Policy on Withdrawals and Incompletes
You will only be allowed to withdraw from this course with a passing grade if you are in fact passing. If you are ill or have some personal situation that prevents you from attending class, your obligation is to contact us as soon as you start missing class in order to discuss your situation. Exceptions to this policy will be made only in cases of complete withdrawal from the University approved by Student Affairs and the Dean's office.
Incompletes will be given only upon request and for good cause. Incompletes will not be given if a student has missed so much of the course that it is in a practical sense impossible to make up the work. If an incomplete is given, the student will be asked to sign an agreement specifying the work to be completed and the date the work will be due. The student will participate in the determination of the deadline. Extensions will be given only under exceptional circumstances.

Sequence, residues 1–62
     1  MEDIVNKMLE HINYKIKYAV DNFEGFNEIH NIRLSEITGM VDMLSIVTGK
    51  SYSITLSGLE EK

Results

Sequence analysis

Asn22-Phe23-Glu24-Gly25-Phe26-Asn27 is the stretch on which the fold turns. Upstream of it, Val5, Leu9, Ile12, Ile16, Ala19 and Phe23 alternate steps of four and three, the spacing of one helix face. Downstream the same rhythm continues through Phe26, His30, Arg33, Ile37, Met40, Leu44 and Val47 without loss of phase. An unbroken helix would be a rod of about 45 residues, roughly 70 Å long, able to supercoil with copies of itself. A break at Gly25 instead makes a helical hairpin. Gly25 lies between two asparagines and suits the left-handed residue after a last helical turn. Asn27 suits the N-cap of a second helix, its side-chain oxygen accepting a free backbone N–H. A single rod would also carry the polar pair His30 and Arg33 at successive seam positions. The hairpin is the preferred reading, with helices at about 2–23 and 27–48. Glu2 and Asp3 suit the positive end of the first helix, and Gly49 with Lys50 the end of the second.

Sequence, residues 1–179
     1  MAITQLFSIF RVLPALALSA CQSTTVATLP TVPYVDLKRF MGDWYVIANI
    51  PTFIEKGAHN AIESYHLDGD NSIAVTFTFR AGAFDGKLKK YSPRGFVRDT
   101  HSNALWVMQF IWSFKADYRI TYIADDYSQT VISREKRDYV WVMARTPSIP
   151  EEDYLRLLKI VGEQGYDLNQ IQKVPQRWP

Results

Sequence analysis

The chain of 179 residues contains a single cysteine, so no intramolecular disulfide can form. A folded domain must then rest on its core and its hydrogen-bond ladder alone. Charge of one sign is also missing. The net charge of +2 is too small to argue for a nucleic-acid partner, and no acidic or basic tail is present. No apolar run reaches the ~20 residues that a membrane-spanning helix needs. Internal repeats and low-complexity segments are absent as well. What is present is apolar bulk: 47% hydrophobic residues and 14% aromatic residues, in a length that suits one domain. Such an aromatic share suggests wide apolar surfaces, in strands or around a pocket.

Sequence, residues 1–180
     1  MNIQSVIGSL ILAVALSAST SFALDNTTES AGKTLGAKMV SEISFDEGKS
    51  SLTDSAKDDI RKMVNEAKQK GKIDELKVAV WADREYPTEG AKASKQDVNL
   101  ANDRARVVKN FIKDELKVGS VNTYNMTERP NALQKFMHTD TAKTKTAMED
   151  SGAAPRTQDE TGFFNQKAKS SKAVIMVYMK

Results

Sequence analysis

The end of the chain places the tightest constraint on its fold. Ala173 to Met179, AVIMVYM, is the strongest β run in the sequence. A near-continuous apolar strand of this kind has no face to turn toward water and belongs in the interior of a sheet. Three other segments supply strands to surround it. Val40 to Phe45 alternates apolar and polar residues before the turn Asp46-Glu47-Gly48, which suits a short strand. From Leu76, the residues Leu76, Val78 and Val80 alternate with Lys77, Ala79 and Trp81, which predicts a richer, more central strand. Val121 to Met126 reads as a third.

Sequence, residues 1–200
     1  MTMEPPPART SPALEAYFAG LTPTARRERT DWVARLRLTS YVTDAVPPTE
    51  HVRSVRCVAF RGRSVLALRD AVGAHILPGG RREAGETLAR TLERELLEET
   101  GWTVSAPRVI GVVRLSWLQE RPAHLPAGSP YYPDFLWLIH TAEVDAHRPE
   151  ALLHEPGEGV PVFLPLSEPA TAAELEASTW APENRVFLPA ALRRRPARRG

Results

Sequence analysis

Policy on Accommodation.
If you have a disability that may affect your participation or performance in this class you should contact us personally as soon as possible so that we can discuss accommodations necessary to ensure full participation and facilitate your educational opportunity. In particular, if you are qualified and plan to take your examinations at disability services, you need to provide the written documentation prior to each exam and make sure that we know that you are planning to take your exam there so that we can make arrangements for it.